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A version of this paper appeared in the Proceedings of the Fifteenth Symposium on Operating Systems Principles

Extensibility, Safety and Performance in the SPIN Operating System
Department of Computer Science and Engineering University of Washington Seattle, WA 98195

Brian N. Bershad Stefan Savage Przemysaw Pardyak Emin Gun Sirer l Marc E. Fiuczynski David Becker Craig Chambers SusanEggers

This paper describes the motivation, architecture and performance of SPIN, an extensible operating system. SPIN provides an extension infrastructure, together with a core set of extensible services, that allow applications to safely change the operating system's interface and implementation. Extensions allow an application to specialize the underlying operating system in order to achieve aparticular level of performance and functionality. SPIN uses language and link-time mechanisms to inexpensively export ne-grained interfaces to operating system services. Extensions are written in a type safe language, and are dynamically linked into the operating system kernel. This approach o ers extensions rapid access to system services, while protecting the operating system code executingwithin the kernel address space. SPIN and its extensions are written in Modula-3 and run on DEC Alpha workstations.


paging algorithms found in modern operating systems can be inappropriate for database applications, resulting in poor performance Stonebraker 81 . General purpose network protocol implementations are frequently inadequate for supporting the demands of high performanceparallel applications von Eicken et al. 92 . Other applications, such as multimediaclients and servers, and realtime and fault tolerant programs, can also present demands that poorly match operating system services. Using SPIN, an application can extend the operating system's interfaces and implementations to provide a better match between the needs of the application and the performance andfunctional characteristics of the system.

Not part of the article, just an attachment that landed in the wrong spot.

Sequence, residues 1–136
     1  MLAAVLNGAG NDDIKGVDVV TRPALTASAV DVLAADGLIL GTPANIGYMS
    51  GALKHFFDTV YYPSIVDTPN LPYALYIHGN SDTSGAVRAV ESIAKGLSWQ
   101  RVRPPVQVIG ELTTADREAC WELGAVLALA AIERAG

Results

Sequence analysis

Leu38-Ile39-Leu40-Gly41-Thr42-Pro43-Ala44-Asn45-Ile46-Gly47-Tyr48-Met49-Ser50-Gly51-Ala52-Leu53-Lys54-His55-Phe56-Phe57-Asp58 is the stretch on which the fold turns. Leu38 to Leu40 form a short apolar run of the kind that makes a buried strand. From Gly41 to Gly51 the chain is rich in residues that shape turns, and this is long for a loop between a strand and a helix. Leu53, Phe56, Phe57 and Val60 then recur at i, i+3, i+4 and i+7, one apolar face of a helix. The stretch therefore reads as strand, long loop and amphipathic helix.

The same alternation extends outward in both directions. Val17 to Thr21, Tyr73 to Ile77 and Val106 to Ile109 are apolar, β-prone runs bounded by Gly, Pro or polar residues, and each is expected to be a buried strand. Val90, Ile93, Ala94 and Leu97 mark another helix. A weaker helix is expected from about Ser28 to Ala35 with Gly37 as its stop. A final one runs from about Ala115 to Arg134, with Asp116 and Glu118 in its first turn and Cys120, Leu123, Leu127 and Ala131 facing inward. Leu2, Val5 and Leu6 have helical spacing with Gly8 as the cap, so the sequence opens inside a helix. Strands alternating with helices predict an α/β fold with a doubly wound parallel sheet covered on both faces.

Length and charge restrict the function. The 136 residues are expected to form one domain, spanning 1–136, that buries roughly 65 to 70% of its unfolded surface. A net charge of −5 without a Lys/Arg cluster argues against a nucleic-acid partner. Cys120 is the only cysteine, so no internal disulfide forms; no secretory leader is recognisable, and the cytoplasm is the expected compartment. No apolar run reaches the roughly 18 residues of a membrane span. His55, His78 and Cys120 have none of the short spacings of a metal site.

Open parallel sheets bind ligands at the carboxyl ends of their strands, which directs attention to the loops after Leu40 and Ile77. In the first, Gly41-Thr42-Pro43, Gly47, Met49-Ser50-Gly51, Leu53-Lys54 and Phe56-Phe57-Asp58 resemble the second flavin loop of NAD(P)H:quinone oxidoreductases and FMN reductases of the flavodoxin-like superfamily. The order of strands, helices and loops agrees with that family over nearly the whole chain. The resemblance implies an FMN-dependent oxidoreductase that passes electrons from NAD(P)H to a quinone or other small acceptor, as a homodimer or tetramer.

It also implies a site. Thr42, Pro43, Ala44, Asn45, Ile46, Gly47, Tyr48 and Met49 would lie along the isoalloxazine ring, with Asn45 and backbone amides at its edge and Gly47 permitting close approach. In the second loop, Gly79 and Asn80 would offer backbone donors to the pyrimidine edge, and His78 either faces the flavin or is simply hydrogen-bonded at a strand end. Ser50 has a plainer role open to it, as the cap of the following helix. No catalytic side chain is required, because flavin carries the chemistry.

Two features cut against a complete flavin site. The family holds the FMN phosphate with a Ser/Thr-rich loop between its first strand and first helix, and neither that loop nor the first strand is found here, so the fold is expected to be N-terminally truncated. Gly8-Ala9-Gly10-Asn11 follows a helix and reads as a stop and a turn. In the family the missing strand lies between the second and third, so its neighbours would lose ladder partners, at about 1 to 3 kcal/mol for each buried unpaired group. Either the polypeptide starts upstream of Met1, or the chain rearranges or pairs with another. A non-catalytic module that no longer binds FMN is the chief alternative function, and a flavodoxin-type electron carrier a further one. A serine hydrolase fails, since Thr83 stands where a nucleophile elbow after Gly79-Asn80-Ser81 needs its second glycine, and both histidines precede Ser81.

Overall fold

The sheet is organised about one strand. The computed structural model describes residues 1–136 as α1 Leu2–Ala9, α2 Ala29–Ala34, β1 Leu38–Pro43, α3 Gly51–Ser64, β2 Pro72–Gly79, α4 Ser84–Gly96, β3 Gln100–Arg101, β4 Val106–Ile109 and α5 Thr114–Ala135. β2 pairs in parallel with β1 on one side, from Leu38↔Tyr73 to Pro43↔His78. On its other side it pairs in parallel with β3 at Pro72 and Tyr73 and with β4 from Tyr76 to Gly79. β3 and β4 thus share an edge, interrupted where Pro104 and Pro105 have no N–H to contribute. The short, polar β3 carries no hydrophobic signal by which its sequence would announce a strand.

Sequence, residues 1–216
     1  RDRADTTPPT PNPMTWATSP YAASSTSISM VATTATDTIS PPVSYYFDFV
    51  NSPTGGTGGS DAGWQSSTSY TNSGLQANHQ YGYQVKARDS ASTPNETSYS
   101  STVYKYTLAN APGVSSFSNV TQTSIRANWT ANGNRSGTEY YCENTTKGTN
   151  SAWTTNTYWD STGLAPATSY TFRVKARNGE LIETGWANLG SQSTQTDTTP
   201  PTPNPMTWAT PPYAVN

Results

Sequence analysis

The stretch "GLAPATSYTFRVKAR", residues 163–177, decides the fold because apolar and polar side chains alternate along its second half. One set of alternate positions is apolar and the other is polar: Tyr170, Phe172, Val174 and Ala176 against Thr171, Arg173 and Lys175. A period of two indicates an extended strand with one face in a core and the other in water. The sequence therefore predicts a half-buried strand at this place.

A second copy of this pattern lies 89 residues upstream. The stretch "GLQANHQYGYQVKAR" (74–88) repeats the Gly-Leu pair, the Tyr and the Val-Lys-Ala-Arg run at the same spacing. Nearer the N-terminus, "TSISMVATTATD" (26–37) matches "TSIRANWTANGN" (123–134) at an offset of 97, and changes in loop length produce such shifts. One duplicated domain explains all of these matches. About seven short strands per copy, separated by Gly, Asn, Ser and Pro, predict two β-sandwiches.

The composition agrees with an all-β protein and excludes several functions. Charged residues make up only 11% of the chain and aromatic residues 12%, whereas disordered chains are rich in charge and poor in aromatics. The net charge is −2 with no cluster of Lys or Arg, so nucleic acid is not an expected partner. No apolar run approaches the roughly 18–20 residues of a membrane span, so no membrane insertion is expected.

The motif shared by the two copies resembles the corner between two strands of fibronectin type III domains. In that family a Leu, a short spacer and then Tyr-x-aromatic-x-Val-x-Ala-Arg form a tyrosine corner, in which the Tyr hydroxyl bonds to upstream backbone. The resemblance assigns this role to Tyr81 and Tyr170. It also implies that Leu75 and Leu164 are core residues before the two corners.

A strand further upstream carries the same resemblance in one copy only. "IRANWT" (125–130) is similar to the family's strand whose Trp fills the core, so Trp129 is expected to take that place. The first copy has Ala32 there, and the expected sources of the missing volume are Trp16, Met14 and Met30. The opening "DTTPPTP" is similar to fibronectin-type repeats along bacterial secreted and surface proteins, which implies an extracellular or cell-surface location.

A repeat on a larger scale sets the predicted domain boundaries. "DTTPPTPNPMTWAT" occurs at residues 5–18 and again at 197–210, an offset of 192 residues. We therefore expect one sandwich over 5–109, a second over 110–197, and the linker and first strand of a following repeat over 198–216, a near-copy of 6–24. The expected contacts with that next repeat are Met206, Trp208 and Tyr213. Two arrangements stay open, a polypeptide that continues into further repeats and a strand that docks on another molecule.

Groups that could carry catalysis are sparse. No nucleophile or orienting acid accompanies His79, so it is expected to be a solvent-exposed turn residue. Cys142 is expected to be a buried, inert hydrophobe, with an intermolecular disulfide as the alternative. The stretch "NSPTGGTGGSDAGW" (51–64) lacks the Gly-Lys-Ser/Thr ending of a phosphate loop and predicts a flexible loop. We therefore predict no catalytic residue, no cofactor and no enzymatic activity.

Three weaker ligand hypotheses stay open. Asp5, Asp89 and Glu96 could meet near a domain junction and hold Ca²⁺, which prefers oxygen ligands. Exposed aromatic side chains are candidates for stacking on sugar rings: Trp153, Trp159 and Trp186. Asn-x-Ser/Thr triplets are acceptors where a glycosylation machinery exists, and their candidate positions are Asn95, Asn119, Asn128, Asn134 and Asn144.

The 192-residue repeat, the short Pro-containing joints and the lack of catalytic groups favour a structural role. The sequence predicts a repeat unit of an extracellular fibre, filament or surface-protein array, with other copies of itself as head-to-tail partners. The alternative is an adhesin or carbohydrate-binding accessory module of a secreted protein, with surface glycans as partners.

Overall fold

1.1 Goals and approach

1 Introduction

SPIN is an operating system that can be dynamically

specialized to safely meet the performance and functionality requirements of applications. SPIN is motivated by the need to support applications that present demands poorly matched by an operating system's implementation or interface. A poorly matchedimplementation prevents an application from working well, while a poorly matched interface prevents it from working at all. For example, the implementations of disk bu ering and

This research was sponsored by the Advanced Research Projects Agency, the National Science Foundation Grants no. CDA-9123308 and CCR-9200832 and by an equipment grant from Digital Equipment Corporation. Bershad was partiallysupported by a National Science Foundation Presidential Faculty Fellowship. Chambers was partially sponsored by a National Science Foundation Presidential Young Investigator Award. Sirer was supported by an IBM Graduate Student Fellowship. Fiuczynski was partially supported by a National Science Foundation GEE Fellowship.

The goal of our research is to build a general purpose operating system thatprovides extensibility, safety and good performance. Extensibility is determined by the interfaces to services and resources that are exported to applications; it depends on an infrastructure that allows ne-grained access to system services. Safety determines the exposure of applications to the actions of others, and requires that access be controlled at the same granularity at which extensions arede ned. Finally, good performance requires low overhead communication between an extension and the system. The design of SPIN re ects our view that an operating system can be extensible, safe, and fast through the use of language and runtime services that provide lowcost, ne-grained, protected access to operating system resources. Speci cally, the SPIN operating system relies on four techniques...
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